Revealed: The jobs most likely to score you a date on Tinder

The top 15 jobs when it comes to scoring right-swipes on dating app Tinder.

Sean Rad co-founded Tinder.
Rad Times Tinder co-founder Sean Rad at Tech Crunch. Image Steve Jennings/Getty Images for TechCrunch

Online dating has long been a virtual meat market in allowing super-fast guilt-free potential-partner browsing.

Swiping equals superficial, and looks like it could stay that way.

However, new research from Tinder has revealed that, when it comes to which way to swipe, looks aren’t the only factor.

Factors like your job, for example.

Ever since adding a feature allowing users to add their job and education background to their profiles, Tinder has been keeping a close eye on the results.

Based on data gleaned from the US version of the app, Tinder has collected a list of the 15 professions for men and women that garner the most number of right swipes.

Covering November 2015 to January 2016, data shows that the most dateable jobs are:

Image: Tinder
Image: Tinder Image Tinder

There’s no huge surprise for the most right-swiped jobs for men, with pilots coming out on top. All those years later, and Top Gun is still a turn-on. Familiar public sector favourites like firefighters, paramedics, doctors, police officers and teachers all feature too.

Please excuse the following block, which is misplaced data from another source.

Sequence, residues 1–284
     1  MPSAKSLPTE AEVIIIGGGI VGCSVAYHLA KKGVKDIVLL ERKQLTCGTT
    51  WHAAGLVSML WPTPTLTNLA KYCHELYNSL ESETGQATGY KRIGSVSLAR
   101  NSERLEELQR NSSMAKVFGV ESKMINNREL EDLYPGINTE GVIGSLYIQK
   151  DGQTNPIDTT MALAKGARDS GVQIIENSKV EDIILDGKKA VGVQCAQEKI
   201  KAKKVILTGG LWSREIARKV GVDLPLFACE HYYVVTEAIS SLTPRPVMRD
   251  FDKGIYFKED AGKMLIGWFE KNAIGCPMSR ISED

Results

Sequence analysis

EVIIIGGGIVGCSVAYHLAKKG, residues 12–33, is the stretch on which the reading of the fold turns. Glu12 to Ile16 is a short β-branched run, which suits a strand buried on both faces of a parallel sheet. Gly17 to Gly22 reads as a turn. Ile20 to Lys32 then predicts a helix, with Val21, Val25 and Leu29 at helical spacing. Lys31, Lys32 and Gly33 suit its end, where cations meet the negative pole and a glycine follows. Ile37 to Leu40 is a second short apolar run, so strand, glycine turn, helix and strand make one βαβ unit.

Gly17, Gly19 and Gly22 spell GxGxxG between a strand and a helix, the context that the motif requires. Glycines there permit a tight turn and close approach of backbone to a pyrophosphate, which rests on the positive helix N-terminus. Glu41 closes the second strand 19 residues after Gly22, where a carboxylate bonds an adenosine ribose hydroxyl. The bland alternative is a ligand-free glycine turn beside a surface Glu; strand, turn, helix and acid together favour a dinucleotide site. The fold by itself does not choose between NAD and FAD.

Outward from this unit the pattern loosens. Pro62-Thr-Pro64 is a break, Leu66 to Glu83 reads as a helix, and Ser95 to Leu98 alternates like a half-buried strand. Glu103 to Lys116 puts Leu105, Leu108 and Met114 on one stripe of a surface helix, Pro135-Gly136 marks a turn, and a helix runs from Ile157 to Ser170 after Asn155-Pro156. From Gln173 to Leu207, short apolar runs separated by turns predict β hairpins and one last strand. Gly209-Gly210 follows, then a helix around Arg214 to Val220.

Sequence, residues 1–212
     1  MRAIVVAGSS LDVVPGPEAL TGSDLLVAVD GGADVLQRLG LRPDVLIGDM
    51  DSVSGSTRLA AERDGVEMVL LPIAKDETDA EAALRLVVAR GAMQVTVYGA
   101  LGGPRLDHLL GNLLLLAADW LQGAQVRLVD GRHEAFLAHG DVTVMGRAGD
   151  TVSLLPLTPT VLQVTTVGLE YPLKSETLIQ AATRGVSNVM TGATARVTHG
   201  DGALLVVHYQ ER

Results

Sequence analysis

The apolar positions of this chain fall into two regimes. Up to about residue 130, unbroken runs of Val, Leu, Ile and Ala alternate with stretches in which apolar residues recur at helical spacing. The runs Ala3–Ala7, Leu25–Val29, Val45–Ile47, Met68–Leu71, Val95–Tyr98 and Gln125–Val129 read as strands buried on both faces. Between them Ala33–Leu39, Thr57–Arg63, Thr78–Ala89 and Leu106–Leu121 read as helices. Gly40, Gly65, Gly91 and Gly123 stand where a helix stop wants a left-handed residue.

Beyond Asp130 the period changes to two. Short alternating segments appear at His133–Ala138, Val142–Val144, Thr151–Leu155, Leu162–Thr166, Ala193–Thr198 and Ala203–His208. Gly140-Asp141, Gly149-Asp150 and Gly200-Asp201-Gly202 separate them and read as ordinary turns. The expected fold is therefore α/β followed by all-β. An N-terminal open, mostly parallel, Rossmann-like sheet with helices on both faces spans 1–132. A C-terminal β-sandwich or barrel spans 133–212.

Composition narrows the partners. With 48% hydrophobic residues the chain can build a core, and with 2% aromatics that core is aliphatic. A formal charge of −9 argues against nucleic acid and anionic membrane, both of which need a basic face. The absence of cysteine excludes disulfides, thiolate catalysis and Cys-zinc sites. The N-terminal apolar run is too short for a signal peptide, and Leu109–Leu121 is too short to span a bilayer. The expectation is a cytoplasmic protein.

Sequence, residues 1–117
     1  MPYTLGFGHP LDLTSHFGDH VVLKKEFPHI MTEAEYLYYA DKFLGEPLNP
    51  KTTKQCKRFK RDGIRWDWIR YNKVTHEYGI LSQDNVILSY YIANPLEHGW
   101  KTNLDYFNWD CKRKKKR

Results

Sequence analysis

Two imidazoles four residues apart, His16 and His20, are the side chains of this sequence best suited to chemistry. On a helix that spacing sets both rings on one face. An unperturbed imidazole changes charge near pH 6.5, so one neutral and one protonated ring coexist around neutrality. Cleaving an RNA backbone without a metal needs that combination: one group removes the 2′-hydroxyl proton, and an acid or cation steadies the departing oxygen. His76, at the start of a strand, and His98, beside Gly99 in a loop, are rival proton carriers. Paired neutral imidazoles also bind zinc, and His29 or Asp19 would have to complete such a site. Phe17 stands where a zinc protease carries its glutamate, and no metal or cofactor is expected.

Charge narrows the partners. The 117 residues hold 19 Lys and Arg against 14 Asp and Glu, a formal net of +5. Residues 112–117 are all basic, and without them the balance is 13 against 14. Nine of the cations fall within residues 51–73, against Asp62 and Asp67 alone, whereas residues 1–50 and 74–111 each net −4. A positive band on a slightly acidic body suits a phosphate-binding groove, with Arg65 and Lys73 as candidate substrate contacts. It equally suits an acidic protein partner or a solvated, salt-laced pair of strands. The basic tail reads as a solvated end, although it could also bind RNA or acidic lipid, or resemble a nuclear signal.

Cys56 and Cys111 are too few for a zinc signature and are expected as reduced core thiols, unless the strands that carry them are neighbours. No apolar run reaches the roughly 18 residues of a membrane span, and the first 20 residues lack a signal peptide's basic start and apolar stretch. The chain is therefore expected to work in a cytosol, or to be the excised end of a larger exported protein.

Entrepreneurs also score well, though models are lower down the rankings than you’d expect.

For women, physical therapists rank highest, with partners evidently preferring someone good with their hands.

Interior designers come with entrepreneurs once again highly ranked.

Dental hygienist also somewhat surprisingly make the cut, while models are again lower down than you’d think: the eighth most popular profession among men and actually two places lower in tenth for women. 

Meanwhile, being a student remains a popular “profession” on the dating scene with academically focused individuals featuring on both lists.

There’s even room for social media manager on the list of popular female jobs, with prospective partners evidently switched on in the digital age. Speech language pathologist also seems a weirdly niche profession to feature so highly among female workers. 

It all begs the question: maybe it’s time for a change of career?

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